Here’s our look at women’s 1950s makeup. Following on from the ’40s wartime austerity, the ’50s was a time of growth and prosperity. Many economies around the world blossomed and grew. The end of rationing opened up the way for new products and consumers had more spending money available. New makeup products and colours appeared, and the luxury cosmetics market took off.
Influences on Women's 1950s Makeup
The stars of the silver screen continued with their strong influence on the masses and impact on styles.
Leading ladies include Grace Kelly, Audrey Hepburn, Marilyn Monroe, Dorothy Dandridge, Doris Day, and Elizabeth Taylor. Additionally, Betty Grable and swimmer Esther Williams were influential as two of the biggest box office draws of the 1950s.
Television broadcasts had resumed in the UK after total suspension during WWII.
By the early 1950s, most of the country could now pick up a TV signal, thanks to a post-war effort to increase signal coverage. Along with Queen Elizabeth’s coronation in 1953, it resulted in a sharp increase in TV ownership during the 1950s.
Watching TV was fast becoming a popular pastime for all the family – and the variety of shows brought new ideas and influence to the masses. In addition, early 1950s TV was predominantly live – and some adverts were no different!
Makeup Brands & New Products
Wartime restrictions had meant that many products were not available. Now that rationing was over, the cosmetic market bloomed. Moreover, products were of better quality, and new colours became available.
The luxury cosmetic market took off, led by fierce opponents Helena Rubinstein and Elizabeth Arden. Not only did they sell makeup, but they also had a vast range of skincare preparations with exotic and expensively-priced ingredients.
Max Factor was still the leading brand for invention. They made products everyday women wanted to use, inspired by the actresses who wore Max Factor on and off the screen. For example, in 1953, Max Factor introduced Creme Puff – the first all-in-one base and powder. They also launched the first retail concealer in 1954, a flesh-coloured stick called Erace.
In 1952, Boots relaunched its No. 7 range, which had almost disappeared during the war. Hollywood influenced its black and gold packaging.
Avon came calling round at people’s homes to demonstrate and sell their cosmetic products.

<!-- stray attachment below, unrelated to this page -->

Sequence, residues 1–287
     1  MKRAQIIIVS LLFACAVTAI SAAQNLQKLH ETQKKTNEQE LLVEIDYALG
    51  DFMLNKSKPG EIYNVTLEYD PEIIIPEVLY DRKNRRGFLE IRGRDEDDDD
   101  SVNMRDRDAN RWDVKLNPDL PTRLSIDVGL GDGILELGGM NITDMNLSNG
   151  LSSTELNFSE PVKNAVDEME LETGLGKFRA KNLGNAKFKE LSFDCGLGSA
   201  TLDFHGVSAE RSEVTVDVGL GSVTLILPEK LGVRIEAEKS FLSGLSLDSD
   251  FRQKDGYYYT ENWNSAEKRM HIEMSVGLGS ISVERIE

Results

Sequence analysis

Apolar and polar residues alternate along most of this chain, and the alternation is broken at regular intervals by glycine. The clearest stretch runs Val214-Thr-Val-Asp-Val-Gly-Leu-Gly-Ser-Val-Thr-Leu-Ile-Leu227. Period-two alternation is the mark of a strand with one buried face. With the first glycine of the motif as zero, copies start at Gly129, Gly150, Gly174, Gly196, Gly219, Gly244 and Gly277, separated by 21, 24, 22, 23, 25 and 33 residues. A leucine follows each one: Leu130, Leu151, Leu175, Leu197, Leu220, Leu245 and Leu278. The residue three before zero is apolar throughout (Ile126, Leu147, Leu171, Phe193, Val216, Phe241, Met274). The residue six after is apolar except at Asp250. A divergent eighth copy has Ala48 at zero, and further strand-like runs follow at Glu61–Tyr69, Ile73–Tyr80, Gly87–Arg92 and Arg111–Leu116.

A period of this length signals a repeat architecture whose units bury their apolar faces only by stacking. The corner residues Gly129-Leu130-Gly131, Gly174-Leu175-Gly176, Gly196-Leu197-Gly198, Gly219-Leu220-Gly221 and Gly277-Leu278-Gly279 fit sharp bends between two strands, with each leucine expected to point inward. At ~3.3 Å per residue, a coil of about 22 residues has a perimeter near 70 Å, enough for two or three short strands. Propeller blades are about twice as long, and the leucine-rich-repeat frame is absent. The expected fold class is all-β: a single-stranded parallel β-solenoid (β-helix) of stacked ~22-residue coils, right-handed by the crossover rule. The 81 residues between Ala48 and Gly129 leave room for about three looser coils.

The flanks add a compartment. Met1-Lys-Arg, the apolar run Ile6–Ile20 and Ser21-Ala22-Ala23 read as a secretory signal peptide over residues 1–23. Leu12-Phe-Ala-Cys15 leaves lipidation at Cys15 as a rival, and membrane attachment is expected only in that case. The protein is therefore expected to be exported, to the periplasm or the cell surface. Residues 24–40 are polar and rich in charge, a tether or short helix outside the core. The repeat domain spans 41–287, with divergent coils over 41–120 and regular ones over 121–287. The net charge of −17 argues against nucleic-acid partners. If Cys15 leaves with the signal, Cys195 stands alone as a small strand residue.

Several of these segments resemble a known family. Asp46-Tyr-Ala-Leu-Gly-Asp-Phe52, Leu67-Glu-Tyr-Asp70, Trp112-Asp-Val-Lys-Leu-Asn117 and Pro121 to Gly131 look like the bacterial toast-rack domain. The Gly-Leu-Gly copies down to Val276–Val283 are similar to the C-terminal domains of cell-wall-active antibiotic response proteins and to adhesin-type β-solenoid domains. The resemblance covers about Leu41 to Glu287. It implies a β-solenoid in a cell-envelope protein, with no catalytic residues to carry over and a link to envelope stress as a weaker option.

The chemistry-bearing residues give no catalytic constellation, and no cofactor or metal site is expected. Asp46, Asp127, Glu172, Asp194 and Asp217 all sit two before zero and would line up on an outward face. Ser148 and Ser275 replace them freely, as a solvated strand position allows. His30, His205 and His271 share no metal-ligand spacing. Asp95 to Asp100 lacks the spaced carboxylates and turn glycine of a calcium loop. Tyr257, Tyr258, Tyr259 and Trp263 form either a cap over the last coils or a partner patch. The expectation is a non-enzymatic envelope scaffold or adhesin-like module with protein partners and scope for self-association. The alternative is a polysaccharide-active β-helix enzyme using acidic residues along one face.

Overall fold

The “teenager” emerged as an independently recognised consumer group with spending power after World War II. Young people now had disposable income – be it through jobs or their weekly allowance. Subsequently, this income was spent on whatever they liked.
Of course, the cosmetic brands recognised this and set about getting some of that money. They marketed to this new consumer group with glee. For instance, skincare products aimed at “teenage problems” like acne became more common.
A teenage girl wearing some makeup became more acceptable during the ’50s, potentially a right of passage into womanhood. Teen girls mainly stuck to the basics like lipstick and nail varnish, rather than wearing a full face of makeup.
Women's Classic 1950s Makeup
The classic 1950s makeup look consisted of red lipstick, with obviously made-up yet elegant eyes. It was essential to emphasise eyes while retaining a natural glamour.
Eyeliner and mascara created the definition of the eyes. Eyeshadow was simple, with only one colour worn. Brows were arched and pencilled in to define the eyes. Rouge was worn sparingly, a mere hint to add a soft warmth to the face, and is not the main feature of 1950s makeup.
1950s Makeup Elements
Women would always wear foundation colour-matched to the natural skin tone as much as possible, rather than trying to look tanned or pale.
1950s foundations tended to be slightly warm in colour, with a pink or peach base. They came in liquid, cream and cake formulations.
Pan-Cake, the Max Factor staple, was as popular as ever in the 1950s, selling tens of millions throughout the decade. Also, the 1953 introduction of Creme Puff was very successful, offering women an easy way to apply foundation and powder all in one go.
Powder was used to set the foundation and to keep shine at bay. It was pressed all over the face with a powder puff. A face powder brush or cotton pad would brush away the excess.
Eyeshadow came in various matt colours, including shades of grey, brown, blue, green, and violet. By the late 1950s, a shimmering lustre could be created by adding guanine, which came from fish scales and guano.
The application was minimal and, generally, one colour only was used on the upper eyelid. It was applied with the little finger and blended out to create a winged look. The colour was faded towards the brow.
A black line along the upper lash line with a little outward flick was the fashionable fifties look throughout the decade.
The doe-eyed look started in the late 1940s and continued into the early 1950s. It saw eyeliner used around the whole eye. By the mid-1950s, this had turned more into a cat-eye, with its outward flick on the upper lash line. The flick varied from long and extended to “just there” – it all depended on the wearer.